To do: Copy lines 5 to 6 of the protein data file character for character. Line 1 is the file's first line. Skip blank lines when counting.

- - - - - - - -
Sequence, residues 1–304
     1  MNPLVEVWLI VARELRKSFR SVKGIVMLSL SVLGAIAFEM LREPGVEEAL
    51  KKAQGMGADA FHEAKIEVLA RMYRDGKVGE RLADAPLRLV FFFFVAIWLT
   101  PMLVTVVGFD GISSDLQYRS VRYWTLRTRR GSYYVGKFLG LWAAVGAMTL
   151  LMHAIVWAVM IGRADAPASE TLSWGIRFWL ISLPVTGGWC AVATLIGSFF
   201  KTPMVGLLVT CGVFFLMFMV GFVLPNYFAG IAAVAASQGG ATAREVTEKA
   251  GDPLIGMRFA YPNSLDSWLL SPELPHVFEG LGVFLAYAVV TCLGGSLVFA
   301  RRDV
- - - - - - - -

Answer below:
   151  LMHAIVWAVM IGRADAPASE TLSWGIRFWL ISLPVTGGWC AVATLIGSFF
   201  KTPMVGLLVT CGVFFLMFMV GFVLPNYFAG IAAVAASQGG ATAREVTEKA